“[Holland] Tunnel construction required workers to spend large amounts of time in the caisson under high pressure of up to 47.5 pounds per square inch (328 kPa), which was thought to be necessary to prevent river water from entering prior to completion of the tubes. "Sandhogs", as they were termed, entered the tunnel through a series of airlocks, and could only remain inside of the tunnel for a designated time period. On exiting the tunnel, the workers had to undergo controlled decompression to avoid the bends, a condition in which nitrogen bubbles form in the blood from rapid decompression. Fortunately, no workers died as a result of decompression sickness: the work involved "756,000 decompressions of men coming out of the compressed air workings," which resulted in 528 cases of the bends, none fatal. Completion of the tunnel took nearly seven years and claimed the lives of 14 workers.” ~Wikipedia J
I’m pretty sure that STRNGLV’s side of this split, a half hour’s worth of layered, ever fluctuating textural synth loops, a la Alessandro Cortini, could give anyone who worked on this project an immediate flashback. Whenever I listened to this tape (a good full ten times before writing this review), I kept imagining myself several stories below a major metropolitan cityscape, exploring tunnel after tunnel of hissing, gurgling pipes, scurrying fauna and the faint tribal echoes of vehicles passing over distant, loose storm drains. Somehow, the passages were all well lit, never feeling overtly ominious, nor commercially polished. This is an excellent soundtrack for dreaming big time weird shit.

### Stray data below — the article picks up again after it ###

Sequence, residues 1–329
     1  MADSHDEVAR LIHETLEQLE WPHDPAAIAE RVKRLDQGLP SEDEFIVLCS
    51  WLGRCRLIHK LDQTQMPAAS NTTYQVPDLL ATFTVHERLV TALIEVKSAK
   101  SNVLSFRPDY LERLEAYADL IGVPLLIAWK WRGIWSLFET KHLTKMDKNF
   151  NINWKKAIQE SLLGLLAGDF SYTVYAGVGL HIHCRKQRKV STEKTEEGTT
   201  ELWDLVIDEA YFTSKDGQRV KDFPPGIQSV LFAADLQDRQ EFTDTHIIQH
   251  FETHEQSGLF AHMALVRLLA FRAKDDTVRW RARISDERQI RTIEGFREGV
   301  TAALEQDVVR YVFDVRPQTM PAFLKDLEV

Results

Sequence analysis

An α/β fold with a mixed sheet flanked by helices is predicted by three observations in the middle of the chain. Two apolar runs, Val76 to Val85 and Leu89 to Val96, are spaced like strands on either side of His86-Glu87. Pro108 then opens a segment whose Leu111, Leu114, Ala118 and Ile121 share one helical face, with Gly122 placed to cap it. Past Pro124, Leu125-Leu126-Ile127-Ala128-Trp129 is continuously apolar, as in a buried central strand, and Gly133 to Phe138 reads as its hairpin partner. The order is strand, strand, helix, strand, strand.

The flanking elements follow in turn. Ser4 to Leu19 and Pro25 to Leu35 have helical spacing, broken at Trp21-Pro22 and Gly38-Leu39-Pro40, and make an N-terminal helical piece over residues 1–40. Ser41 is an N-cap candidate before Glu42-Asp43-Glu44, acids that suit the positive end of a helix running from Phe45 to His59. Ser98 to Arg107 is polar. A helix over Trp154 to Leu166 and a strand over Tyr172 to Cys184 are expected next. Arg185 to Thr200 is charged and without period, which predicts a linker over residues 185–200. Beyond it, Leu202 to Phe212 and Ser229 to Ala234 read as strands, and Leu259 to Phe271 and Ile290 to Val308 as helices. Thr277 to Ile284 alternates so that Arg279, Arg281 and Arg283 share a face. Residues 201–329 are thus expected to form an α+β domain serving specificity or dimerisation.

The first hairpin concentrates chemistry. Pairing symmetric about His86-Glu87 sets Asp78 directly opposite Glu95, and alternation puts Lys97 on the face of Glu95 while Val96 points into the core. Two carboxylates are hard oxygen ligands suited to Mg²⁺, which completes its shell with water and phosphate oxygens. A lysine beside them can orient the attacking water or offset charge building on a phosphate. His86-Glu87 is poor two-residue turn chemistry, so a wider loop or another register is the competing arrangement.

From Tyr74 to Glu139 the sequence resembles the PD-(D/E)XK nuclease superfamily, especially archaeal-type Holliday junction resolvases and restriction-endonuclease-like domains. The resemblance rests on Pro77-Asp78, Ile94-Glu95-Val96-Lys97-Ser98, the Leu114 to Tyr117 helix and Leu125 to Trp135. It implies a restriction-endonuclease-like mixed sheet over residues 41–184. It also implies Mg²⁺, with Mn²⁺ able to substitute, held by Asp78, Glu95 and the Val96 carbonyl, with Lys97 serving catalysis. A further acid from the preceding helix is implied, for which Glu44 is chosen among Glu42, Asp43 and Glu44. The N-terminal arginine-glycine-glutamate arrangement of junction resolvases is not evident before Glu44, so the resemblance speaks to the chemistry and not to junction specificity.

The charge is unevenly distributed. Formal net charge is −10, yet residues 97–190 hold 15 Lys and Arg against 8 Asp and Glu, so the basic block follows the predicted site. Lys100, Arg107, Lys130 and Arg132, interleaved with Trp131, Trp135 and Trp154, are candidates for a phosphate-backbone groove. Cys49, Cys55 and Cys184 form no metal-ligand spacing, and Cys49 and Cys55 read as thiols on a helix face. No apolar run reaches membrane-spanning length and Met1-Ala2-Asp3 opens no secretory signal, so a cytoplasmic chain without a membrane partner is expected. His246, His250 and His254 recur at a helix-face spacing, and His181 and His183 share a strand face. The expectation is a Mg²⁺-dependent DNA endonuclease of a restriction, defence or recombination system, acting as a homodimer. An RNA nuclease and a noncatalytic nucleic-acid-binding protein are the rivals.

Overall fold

A great pairing for this split, the Pelktopia side feels somehow not quite fully out in the open, but definitely in open air, communing with the great elements. Imagine taking a long stroll along a busy pier, but, defying gravity, you get the whole underside to yourself, gentle waves lapping just inches above your head. Pelktopia trades synths for heavily processed electric guitar effects that stretch patiently plucked single notes into infinity.
The mental space provided by each sound artist alone is its own worthwhile journey, but doing so while looking through the beautifully curated 16-page color art booklet provided by Aubjects, the fostering DIY label, is thrilling. Busily squirming pictures of organic chaos are juxtaposed with the spirit of cold-hearted order, unrealized blueprints of ambition. I’m pretty excited to look more into this progressive label.
- - Jacob An Kittenplan